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Decorated Cave of Pont d’Arc, known as Grotte Chauvet-Pont d’Arc, Ardèche
Site number:
Type of site: Cultural
Date: 30000-32000BP
Date of Inscription: 2014
Location: Europe, France, the Ardèche River in southern France
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Description: Located in a limestone plateau of the Ardèche River in southern France, the property contains the earliest-known and best-preserved figurative drawings in the world, dating back as early as the Aurignacian period (30,000–32,000 BP), making it an exceptional testimony of prehistoric art. The cave was closed off by a rock fall approximately 20,000 years BP and remained sealed until its discovery in 1994, which helped to keep it in pristine condition. Over 1,000 images have so far been inventoried on its walls, combining a variety of anthropomorphic and animal motifs. Of exceptional aesthetic quality, they demonstrate a range of techniques including the skilful use of colour, combinations of paint and engraving, anatomical precision, three-dimensionality and movement. They include several dangerous animal species difficult to observe at that time, such as mammoth, bear, wildcat, rhino, bison and auroch, as well as 4,000 inventoried remains of prehistoric fauna and a variety of human footprints. --From the description at WHC Site, where additional information is available.
  The Chauvet-Pont-d'Arc Cave in the Ardèche department of southern France is a cave that contains the earliest known and best preserved figurative cave paintings in the world, as well as other evidence of Upper Paleolithic life. It is located near the commune of Vallon-Pont-d'Arc on a limestone cliff above the former bed of the Ardèche River, in the Gorges de l'Ardèche. Discovered on December 18, 1994, it is considered one of the most significant prehistoric art sites and the UN’s cultural agency UNESCO granted it the World Heritage status on June 22, 2014. The cave was first explored by a group of three speleologists: Eliette Brunel-Deschamps, Christian Hillaire, and Jean-Marie Chauvet for whom it was named. Chauvet (1996) has a detailed account of the discovery. In addition to the paintings and other human evidence, they also discovered fossilized remains, prints, and markings from a variety of animals, some of which are now extinct. Further study by French archaeologist Jean Clottes has revealed much about the site. The dates have been a matter of dispute but a study published in 2012 supports placing the art in the Aurignacian period, approximately 30,000–32,000 BP. --Wikipedia. Text is available under the Creative Commons Attribution-ShareAlike License.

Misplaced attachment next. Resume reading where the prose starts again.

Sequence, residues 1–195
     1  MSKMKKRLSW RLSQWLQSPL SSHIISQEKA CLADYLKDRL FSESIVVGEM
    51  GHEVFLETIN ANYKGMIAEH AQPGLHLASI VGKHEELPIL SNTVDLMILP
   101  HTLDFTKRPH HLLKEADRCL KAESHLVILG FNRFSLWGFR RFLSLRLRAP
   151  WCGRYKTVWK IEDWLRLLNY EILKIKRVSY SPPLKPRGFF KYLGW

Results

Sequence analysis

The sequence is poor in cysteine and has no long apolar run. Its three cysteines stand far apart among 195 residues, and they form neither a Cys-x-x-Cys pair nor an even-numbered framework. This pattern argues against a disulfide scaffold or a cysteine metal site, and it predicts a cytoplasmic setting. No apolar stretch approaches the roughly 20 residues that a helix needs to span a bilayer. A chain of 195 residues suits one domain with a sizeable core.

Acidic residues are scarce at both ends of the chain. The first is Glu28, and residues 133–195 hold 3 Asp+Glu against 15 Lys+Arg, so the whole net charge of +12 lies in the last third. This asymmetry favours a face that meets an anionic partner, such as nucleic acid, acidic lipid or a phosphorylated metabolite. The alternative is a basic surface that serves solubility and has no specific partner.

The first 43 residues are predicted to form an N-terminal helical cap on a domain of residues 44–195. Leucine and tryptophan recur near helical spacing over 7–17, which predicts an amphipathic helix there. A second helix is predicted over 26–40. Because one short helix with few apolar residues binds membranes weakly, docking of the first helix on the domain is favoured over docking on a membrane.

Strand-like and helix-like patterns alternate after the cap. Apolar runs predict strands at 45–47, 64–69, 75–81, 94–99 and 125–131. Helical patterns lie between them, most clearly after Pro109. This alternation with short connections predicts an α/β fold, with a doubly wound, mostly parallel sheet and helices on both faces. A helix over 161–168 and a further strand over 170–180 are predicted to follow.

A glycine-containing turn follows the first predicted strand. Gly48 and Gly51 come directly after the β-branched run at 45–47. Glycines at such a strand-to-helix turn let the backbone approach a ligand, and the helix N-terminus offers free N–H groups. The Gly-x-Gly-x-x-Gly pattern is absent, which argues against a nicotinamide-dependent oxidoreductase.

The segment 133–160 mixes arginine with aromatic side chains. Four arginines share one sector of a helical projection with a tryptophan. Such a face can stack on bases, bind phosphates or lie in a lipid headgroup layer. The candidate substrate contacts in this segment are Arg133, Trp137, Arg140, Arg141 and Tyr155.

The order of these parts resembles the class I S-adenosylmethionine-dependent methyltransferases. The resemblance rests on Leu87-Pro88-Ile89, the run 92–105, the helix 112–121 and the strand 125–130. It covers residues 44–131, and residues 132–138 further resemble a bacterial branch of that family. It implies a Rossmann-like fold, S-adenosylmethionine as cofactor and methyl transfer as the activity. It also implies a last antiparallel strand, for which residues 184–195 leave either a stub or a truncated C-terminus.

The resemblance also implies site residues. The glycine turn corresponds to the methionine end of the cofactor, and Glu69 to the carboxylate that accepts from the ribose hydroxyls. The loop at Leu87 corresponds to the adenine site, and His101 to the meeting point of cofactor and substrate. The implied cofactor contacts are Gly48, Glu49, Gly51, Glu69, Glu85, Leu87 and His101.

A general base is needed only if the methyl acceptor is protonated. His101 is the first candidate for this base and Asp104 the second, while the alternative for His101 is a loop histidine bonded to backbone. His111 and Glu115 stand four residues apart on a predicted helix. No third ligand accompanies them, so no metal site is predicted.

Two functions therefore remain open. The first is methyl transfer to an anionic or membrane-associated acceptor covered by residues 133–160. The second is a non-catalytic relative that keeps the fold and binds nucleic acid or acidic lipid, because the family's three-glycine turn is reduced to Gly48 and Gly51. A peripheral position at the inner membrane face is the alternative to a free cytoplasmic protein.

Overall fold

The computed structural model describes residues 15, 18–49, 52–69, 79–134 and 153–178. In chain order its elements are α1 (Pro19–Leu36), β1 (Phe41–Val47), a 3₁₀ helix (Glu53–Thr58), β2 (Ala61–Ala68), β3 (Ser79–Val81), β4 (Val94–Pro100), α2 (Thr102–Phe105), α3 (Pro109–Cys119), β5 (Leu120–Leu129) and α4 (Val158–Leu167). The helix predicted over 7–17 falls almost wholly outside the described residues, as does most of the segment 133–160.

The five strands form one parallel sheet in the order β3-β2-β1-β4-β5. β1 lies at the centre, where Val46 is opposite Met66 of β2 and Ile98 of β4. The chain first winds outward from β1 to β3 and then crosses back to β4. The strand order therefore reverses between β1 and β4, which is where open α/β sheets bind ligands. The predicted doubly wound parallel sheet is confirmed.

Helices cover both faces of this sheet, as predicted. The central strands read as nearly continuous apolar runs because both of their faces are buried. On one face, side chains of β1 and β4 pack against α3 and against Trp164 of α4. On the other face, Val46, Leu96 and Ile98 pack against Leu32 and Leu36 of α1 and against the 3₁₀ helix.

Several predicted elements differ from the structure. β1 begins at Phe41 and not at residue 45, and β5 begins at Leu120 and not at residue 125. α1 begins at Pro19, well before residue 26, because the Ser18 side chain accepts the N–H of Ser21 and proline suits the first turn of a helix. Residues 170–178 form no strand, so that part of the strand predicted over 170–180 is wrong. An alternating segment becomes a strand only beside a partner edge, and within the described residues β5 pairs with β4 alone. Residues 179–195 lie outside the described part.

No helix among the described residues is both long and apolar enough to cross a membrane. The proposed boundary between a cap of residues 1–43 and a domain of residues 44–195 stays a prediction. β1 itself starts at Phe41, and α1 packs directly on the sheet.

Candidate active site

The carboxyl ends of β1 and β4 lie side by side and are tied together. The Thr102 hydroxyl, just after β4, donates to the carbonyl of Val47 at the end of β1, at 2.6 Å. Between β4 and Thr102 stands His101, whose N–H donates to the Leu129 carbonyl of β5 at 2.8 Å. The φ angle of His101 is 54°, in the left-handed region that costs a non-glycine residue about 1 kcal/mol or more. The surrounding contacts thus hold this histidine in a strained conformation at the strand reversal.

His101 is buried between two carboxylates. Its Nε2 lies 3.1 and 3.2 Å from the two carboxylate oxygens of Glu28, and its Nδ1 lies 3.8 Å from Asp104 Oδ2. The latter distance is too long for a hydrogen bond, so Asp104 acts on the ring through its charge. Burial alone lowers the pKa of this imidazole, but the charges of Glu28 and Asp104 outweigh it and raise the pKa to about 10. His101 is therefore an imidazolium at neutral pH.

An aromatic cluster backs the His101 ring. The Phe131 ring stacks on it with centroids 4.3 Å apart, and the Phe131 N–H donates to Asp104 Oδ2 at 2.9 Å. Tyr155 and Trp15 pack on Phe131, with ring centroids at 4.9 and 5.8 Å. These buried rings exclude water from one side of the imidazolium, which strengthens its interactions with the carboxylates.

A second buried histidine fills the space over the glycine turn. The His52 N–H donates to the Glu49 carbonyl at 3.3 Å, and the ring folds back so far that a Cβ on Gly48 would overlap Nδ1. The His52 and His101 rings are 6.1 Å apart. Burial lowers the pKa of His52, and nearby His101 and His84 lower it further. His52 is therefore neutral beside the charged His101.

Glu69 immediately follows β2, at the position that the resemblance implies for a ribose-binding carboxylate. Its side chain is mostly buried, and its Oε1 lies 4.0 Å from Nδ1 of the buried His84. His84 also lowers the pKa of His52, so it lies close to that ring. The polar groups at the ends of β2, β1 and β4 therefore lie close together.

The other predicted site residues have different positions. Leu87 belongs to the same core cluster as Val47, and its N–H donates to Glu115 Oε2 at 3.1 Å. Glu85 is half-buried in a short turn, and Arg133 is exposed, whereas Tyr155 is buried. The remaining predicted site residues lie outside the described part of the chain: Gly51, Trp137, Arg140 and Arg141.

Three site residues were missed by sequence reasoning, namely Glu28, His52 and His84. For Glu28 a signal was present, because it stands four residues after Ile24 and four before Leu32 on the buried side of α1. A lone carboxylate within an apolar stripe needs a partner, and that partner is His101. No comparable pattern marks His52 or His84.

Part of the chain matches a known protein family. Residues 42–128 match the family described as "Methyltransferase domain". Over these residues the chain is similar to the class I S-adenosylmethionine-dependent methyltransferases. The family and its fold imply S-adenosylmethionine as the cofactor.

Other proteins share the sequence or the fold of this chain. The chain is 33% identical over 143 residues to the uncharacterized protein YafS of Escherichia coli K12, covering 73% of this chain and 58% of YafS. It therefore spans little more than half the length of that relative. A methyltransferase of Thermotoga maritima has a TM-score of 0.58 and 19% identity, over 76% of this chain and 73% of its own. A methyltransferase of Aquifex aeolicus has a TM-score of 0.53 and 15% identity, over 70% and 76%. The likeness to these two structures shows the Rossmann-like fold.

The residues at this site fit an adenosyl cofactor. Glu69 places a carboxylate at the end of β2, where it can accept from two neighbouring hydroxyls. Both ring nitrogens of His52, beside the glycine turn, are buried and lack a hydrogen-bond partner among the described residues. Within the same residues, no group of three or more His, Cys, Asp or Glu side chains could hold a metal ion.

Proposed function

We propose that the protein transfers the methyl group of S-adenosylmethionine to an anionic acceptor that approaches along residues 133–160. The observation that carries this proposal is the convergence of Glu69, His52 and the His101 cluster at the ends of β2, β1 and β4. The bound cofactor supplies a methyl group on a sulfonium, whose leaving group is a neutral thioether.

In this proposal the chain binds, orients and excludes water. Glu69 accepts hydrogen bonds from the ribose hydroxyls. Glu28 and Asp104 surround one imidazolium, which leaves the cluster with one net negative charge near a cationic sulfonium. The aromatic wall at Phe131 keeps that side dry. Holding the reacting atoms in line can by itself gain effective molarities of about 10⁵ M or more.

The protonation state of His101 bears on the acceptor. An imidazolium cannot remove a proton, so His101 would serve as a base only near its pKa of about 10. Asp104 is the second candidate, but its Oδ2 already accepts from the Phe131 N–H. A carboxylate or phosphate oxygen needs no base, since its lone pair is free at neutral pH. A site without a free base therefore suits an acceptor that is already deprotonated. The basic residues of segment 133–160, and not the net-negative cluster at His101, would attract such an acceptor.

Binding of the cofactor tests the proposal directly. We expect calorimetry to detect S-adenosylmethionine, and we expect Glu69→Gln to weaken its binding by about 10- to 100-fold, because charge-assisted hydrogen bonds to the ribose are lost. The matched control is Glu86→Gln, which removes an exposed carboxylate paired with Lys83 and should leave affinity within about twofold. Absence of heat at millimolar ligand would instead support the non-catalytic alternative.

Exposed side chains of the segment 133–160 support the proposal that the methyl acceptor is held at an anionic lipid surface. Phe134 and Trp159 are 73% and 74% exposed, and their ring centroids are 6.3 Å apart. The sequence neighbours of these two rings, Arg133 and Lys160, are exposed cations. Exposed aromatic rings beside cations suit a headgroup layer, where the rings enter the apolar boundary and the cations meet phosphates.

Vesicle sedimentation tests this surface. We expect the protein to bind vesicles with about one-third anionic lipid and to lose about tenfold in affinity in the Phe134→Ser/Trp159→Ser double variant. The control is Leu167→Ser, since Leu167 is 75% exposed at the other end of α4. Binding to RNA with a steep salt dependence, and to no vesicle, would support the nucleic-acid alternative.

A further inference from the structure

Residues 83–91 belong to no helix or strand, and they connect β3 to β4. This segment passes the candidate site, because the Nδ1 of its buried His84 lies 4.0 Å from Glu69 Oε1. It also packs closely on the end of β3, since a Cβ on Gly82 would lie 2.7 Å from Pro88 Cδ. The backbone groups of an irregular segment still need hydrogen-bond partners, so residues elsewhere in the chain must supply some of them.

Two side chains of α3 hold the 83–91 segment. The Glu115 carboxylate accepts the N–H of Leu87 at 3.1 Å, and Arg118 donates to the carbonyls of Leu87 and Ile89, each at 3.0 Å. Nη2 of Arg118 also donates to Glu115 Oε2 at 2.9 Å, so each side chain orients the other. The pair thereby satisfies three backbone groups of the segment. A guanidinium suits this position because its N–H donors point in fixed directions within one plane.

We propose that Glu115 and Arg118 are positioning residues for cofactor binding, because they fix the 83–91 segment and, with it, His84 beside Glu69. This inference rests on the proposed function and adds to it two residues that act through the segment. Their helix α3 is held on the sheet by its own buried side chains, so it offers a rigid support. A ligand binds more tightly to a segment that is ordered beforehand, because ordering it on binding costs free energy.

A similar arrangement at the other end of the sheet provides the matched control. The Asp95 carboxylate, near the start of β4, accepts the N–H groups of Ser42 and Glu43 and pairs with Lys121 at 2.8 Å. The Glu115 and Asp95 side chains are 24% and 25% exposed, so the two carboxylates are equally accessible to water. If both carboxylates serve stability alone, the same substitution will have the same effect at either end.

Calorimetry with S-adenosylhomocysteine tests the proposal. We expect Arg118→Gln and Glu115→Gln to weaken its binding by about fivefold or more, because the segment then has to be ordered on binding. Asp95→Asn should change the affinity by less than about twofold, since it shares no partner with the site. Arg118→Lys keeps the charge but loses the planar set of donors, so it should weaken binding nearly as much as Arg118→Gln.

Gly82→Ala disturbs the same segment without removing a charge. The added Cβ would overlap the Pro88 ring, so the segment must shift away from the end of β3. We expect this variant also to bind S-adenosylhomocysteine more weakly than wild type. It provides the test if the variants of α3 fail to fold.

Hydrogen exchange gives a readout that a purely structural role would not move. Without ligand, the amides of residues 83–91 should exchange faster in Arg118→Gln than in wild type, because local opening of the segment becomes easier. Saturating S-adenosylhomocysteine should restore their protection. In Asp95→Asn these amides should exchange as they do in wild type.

Source2: Wikipedia (
Reference: 1. UNESCO World Heritage Center ( 2. Wikipedia.
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